What Gaming Law ‘Fix’ Means

Member Group : Allegheny Institute

How will the Pennsylvania Legislature’s Act 42 of 2017 affect how and what money local governments receive from respective gambling casinos? Let us count the ways.

It was in September 2016 that the state Supreme Court struck down Section 1403c of Act 71 of 2004 as unconstitutional, based on a challenge from the Mt. Airy Casino.

The Poconos resort claimed, and the high court agreed, that because casinos were taxed at different rates and, thus, paid varying amounts based on their gross terminal revenue, it was a violation of Article XIII, Section 1, of the Pennsylvania Constitution. That’s the uniform taxation clause.

The high court granted two extensions, totaling 240 days, for the Legislature to make the law constitutionally compliant.

At issue were requirements that while casinos outside of Philadelphia had to pay 2 percent of their gross terminal revenue to the county in which they were situated, they had to pay 2 percent or $10 million, whichever was greater, to the municipality where they were situated.

That money is known as the “local share assessment,” or LSA.
As a scholar at the Allegheny Institute for Public Policy notes (in Policy Brief Vol. 17, No. 47), counties will continue to receive 2 percent of gross terminal revenue from their respective casinos. How that money is distributed varies, depending upon state classifications.

In general, a percentage point goes to the county for general purposes. The other percentage point goes to the state Department of Community & Economic Development and the Commonwealth Financing Authority to make grants.
It is the municipal LSA formula that, at the behest of the Supreme Court, has been modified in two respects by Act 42.

“First, the ‘2 percent or’ language … is eliminated,” says Eric Montarti, a senior policy analyst at the Pittsburgh think tank. “Second, municipalities will receive a guaranteed $10 million as (their) local assessment share.”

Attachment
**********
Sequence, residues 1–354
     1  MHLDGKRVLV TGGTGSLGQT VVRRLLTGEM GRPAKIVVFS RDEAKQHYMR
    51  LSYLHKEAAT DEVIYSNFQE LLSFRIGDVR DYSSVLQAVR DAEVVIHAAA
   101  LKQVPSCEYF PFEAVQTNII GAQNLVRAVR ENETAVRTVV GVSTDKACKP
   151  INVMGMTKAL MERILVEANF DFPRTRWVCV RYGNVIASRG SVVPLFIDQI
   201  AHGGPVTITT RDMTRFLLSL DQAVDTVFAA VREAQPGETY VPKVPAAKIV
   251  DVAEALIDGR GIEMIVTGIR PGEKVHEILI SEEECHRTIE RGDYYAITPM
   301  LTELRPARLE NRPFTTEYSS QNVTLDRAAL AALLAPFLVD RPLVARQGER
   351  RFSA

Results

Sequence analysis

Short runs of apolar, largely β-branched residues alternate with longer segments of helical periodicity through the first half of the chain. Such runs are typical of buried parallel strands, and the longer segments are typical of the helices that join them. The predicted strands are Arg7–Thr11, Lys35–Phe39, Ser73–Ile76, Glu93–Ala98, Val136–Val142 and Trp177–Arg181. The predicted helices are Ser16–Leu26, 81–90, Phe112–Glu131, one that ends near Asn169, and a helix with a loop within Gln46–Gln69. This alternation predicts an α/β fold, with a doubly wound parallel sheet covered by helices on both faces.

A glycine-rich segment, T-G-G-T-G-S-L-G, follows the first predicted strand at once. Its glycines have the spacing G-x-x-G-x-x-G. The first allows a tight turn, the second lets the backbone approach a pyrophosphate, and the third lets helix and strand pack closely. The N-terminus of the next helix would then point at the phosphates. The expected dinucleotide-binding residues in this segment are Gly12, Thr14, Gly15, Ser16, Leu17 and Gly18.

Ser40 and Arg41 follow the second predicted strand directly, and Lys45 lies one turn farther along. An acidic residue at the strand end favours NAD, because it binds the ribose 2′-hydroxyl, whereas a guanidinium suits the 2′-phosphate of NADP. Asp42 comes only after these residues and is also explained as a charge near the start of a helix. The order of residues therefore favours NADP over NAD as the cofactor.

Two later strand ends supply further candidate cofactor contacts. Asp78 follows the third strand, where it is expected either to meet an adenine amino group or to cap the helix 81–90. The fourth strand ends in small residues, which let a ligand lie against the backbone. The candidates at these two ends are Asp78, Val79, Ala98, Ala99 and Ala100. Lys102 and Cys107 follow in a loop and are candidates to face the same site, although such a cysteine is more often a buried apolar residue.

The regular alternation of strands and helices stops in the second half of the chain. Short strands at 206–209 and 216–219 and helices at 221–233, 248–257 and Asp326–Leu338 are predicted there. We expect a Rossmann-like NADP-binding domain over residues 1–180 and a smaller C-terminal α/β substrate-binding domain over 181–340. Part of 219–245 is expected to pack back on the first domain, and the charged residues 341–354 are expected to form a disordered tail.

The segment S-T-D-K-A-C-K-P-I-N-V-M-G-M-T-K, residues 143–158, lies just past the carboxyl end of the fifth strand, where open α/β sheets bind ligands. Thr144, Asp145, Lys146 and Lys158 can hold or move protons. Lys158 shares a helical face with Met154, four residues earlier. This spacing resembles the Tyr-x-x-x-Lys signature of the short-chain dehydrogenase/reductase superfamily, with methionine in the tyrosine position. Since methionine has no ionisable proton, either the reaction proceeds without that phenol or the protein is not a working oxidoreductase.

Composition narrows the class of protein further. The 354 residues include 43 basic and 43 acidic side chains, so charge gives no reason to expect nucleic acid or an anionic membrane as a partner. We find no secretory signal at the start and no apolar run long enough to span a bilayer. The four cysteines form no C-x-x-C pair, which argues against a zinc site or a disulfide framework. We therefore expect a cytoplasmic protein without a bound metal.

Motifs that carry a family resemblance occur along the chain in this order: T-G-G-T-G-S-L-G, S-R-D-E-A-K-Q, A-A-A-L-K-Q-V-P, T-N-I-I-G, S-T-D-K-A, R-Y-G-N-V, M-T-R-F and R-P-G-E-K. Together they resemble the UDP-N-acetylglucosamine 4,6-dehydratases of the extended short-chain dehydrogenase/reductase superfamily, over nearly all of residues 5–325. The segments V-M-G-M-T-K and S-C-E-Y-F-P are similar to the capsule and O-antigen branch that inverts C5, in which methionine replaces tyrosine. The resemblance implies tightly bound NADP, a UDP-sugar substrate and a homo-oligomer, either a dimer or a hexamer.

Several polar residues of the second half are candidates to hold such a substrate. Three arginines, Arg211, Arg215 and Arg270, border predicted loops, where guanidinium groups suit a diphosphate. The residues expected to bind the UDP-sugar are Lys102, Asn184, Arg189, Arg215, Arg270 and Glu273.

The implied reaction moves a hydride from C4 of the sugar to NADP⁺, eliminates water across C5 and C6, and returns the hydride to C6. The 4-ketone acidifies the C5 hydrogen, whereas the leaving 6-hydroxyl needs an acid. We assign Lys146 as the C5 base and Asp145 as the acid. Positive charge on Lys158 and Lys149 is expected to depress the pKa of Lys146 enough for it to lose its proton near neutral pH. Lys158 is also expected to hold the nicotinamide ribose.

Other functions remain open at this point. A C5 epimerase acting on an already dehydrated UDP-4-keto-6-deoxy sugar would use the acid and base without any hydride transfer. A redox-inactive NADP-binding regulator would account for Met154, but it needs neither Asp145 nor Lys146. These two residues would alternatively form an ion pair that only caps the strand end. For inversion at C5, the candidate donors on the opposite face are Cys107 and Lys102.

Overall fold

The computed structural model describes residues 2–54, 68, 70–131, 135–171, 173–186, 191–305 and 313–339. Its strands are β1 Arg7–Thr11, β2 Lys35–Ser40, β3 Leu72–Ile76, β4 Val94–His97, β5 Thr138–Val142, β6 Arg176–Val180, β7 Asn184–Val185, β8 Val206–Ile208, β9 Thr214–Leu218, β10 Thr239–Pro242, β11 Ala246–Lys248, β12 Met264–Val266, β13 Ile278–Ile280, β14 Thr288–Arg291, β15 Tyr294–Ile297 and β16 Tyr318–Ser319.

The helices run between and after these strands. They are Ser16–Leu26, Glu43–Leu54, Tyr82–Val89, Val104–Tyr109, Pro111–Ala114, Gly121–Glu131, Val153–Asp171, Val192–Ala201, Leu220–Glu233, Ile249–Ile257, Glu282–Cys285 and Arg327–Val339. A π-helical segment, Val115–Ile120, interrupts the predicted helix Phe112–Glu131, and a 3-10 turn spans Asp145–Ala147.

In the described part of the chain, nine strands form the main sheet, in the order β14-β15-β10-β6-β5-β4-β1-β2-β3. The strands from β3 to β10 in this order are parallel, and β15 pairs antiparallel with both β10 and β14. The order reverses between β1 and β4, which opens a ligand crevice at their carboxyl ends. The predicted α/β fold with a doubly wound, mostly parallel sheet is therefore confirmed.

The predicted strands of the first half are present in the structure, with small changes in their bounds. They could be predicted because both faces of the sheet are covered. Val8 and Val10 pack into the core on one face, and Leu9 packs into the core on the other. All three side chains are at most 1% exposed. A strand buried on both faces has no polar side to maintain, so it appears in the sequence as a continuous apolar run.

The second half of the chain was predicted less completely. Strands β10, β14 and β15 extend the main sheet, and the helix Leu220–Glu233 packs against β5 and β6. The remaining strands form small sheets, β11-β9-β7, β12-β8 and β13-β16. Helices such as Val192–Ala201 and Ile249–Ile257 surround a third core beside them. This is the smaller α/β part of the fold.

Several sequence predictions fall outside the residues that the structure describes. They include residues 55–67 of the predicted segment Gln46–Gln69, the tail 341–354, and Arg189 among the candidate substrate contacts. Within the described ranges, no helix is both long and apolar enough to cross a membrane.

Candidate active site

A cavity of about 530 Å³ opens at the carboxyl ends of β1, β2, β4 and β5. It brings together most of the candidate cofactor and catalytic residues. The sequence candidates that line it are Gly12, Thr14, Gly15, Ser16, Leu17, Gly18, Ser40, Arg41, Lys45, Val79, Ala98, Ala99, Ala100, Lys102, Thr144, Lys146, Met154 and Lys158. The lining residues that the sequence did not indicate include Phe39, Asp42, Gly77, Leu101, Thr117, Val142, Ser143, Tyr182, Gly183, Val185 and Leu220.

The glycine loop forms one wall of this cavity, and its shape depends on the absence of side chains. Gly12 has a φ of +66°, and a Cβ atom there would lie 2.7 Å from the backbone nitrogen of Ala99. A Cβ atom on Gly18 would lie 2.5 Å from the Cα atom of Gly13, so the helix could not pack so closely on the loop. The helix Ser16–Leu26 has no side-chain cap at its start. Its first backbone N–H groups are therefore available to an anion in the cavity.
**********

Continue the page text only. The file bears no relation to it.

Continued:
That share, however, will not come from gross terminal revenue as it previously had but rather from an annual 20 percent levy on the respective casino’s $50 million slot machine license fee, which is a one-time payment at the time of issuance.

Additionally, Act 42 makes local share and other provisions for those forthcoming “mini” casinos authorized by the Legislature, for casinos in consolidated city-county government juristss and for those crossing county lines, as well as future casinos.

So, what happens locally?

Allegheny County, being a Second Class county, will receive a local share assessment of 2 percent of the gross terminal revenue of the Rivers Casino, situated on Pittsburgh North Shore, part of a Second Class city.

Montarti notes there are no restrictions on how the money is used, none is diverted for commonwealth grant-making and the county continues to receive separate distributions from the state’s Gaming Economic Development and Tourism Fund for projects.

The City of Pittsburgh will receive that new $10 million annual LSA payment, deposited into the city treasury. Additionally, the new law credits voluntary casino payments made in lieu of suspended payments as the legal and legislative processes played out to make the payments comport with the Constitution.

“There is plenty more to be analyzed in the complex and far-reaching new gaming law,” Montarti says. “But the LSA issue is settled, albeit well past the two deadlines set by the court.”

Colin McNickle is a senior fellow and media specialist at the Allegheny Institute for Public Policy ([email protected]).